Dhruva Sarja: ‘I feel the pressure to live up to my uncle’s legacy’

Actor Dhruva Sarja on taking the ‘action’ route like his uncle Arjun Sarja, and filmmaker Nanda Kishore explains why he used international bodybuilders as antagonists in ‘Pogaru’

Published - February 13, 2021 04:04 pm IST

Dhruva Sarja in a still from ‘Pogaru’

Dhruva Sarja in a still from ‘Pogaru’

In the 10 months since it was uploaded to YouTube, ‘Karabuu’ — a song from the Dhruva Sarja-starrer Pogaru — has been viewed over 200 million times, which leaves its popularity in no doubt. Nevertheless, the song also drew criticism for showing the film’s leading man trouble the woman he fancies (Rashmika Mandanna), in a bid to woo her.

The film’s director, Nanda Kishore, who was in Chennai recently along with Dhruva to promote Pogaru, ahead of its release in Tamil on February 19 (titled: Sema Thimiru ), does not think it warrants a discussion. “A teaser or a song is not the full movie. What people have seen is only a glimpse,” he says, adding that Dhruva’s character in the film justifies it.

“He plays a ruffian. But even the baddest guys have life partners. How the two find common ground despite the differences is what we have shown. [Rashmika] plays a teacher. She sees the kid in him (Dhruva) and wants to make sure he turns over a new leaf and becomes a responsible person,” Nanda Kishore adds.

Dhruva Sarja and Rashmika Mandanna in a still from ‘Pogaru’

Dhruva Sarja and Rashmika Mandanna in a still from ‘Pogaru’

Dhruva, who is billed as the ‘Action Prince’, is the nephew of actor Arjun Sarja. Although he made his film debut in 2012, Pogaru is only the fourth film in Dhruva’s career.

Having starred in action-comedies prior to this, Dhruva says, “ Pogaru is a family film. It is a story about a mother and her son. They split when he is 17. Why that happens, how or whether they get back together is the story,” he says.

Nanda Kishore admits to have conceptualised the film as a multilingual project — Pogaru releases in Kannada, Tamil and Telugu.

Nanda Kishore

Nanda Kishore

“It is the reason why we didn’t localise any aspect of the story, or set a location for the events. That helps us to present the film in Telugu and Tamil,” he says. Why not release in Hindi as well? “This film can, perhaps, be remade in Hindi but it cannot be dubbed into the language. The elements and narrative are distinctly South Indian,” Nanda Kishore clarifies.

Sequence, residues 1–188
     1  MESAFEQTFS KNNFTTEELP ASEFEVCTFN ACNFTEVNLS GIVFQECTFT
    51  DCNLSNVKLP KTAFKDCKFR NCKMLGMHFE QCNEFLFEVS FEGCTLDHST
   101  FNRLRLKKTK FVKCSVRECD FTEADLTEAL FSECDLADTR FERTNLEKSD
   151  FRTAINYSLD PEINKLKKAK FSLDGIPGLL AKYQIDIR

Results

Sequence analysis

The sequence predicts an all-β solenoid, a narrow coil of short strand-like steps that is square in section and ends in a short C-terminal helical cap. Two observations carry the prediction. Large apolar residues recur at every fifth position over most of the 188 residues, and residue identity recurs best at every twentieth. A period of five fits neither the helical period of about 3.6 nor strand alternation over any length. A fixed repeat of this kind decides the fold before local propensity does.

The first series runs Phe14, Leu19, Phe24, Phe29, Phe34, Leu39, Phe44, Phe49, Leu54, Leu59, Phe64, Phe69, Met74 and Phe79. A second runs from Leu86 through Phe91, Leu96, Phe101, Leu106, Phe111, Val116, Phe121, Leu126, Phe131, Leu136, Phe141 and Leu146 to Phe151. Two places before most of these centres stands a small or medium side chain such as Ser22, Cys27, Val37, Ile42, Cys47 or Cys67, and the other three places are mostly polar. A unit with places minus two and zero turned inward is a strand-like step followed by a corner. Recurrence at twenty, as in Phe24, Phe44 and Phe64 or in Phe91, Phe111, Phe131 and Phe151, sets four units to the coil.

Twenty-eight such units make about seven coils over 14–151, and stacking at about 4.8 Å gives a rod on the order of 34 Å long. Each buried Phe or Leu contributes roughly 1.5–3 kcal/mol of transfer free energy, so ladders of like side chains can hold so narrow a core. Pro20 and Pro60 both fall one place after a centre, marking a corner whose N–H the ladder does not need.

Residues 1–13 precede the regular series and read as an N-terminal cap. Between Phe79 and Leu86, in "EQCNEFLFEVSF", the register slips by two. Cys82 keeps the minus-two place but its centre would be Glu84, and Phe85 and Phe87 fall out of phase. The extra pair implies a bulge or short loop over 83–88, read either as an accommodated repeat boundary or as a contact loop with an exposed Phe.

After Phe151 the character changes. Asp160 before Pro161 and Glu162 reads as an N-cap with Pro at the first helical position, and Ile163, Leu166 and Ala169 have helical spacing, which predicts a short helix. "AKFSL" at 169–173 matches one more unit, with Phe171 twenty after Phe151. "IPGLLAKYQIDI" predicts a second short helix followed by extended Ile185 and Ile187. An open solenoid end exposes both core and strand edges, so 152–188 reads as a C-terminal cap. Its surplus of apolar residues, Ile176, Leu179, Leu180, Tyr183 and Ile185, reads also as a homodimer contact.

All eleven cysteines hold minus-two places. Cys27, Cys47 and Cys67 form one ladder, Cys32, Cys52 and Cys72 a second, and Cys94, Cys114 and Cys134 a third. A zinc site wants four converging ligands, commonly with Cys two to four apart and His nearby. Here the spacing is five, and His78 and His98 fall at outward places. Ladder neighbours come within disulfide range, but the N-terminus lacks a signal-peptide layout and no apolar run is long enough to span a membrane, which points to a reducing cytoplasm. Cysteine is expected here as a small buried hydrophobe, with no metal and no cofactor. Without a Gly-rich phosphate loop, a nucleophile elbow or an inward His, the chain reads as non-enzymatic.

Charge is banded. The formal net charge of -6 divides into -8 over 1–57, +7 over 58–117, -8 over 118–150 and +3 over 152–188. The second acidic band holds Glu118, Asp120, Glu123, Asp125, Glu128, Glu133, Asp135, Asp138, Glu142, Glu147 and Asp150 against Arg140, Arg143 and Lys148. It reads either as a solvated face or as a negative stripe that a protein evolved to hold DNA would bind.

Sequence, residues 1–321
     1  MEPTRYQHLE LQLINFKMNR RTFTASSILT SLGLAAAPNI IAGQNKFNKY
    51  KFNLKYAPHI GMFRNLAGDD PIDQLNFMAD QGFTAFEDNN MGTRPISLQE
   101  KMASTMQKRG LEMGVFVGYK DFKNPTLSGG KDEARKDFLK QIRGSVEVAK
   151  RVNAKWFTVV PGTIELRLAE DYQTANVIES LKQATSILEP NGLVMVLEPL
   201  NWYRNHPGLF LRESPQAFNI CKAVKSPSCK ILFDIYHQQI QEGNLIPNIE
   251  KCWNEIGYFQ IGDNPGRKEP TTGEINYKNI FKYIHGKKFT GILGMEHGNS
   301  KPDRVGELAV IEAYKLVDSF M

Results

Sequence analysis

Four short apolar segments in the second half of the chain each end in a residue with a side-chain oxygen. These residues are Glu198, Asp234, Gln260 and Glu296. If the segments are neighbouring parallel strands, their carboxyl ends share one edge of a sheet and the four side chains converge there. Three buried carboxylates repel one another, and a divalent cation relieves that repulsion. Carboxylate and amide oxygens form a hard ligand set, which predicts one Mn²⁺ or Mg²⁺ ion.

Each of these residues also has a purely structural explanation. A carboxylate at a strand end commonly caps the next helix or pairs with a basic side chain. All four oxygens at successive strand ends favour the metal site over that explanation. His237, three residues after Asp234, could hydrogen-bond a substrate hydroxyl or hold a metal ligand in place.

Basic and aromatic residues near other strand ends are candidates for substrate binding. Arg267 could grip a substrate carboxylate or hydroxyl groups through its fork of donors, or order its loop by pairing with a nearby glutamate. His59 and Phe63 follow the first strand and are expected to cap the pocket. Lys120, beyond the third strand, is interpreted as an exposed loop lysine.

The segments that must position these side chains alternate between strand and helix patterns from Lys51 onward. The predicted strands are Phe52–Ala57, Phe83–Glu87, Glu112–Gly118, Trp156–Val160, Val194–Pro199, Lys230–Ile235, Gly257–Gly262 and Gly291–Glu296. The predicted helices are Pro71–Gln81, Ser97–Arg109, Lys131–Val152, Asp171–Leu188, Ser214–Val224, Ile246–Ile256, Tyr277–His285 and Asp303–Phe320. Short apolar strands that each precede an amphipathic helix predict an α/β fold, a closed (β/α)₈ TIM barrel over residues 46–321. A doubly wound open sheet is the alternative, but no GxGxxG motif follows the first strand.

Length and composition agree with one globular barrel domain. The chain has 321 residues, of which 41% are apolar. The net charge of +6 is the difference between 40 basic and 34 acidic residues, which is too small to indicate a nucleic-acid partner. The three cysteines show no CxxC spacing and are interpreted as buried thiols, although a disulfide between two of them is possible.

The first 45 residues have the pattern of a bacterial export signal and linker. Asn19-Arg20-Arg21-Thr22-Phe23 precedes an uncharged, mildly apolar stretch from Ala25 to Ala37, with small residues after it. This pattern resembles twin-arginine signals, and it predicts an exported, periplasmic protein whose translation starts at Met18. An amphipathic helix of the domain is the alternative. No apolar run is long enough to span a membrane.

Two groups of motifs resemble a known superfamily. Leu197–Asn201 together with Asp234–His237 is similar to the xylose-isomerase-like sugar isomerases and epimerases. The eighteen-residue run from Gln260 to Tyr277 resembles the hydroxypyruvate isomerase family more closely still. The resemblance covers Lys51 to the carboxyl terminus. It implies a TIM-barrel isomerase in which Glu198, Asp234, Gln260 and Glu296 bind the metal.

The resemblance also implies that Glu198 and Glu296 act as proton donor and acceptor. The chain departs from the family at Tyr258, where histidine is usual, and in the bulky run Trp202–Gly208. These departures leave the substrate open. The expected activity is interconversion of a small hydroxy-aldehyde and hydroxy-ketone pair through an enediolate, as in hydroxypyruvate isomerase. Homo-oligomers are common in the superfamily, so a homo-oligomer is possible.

Bulky hunks

An interesting aspect of the film is the use of four international bodybuilders to take on the protagonist. The crew enlisted Kai Greene, the former Mr Olympia runner-up from the USA, Frenchman Morgan Aste who is nicknamed The Big Rock, South African fitness professional John Lucas and German fitness model and influencer Jo Linder.

Dhruva himself had to bulk up to match the monstrous bodies of his antagonists. “I had to drop 35 kilograms to first play a 17-year-old version of myself for the opening portions of the movie. Then I added the lost weight back,” he says.

Altogether the crew shot the film for 110 days. However, filming with professional bodybuilders comes with its own set of challenges, especially while filming stunt scenes.

Dhruva Sarja in ‘Pogaru’

Dhruva Sarja in ‘Pogaru’

Nanda Kishore explains, “We tried to rope in WWE wrestlers but their contracts meant they couldn’t come. So we hired these trained professionals but the problem was they don’t have control when it comes to punches and kicks. Dhruva had to take hits for real. In fact, there is a stunt sequence where Jo Linders lands a kick on his chest, and for four days after that Dhruva was coughing out blood.”

Dhruva adds: “It went fine for a couple of days but afterwards they came up to me and said ‘Listen, if we get a chance we will land a few real punches. You too can punch and kick us for real if you get the chance.”

Are these risks worth taking? The actor smiles and replies, “It is cinema. You have to take a few risks.” Dhruva’s answer comes from a place of having to continue “a legacy” — in his words. “My uncle has the moniker ‘Action King’. My father was a wrestler too. There is pressure to live up to the legacy and take it forward. So I see this all as a requirement of the job, even to keep up this appearance,” he says.

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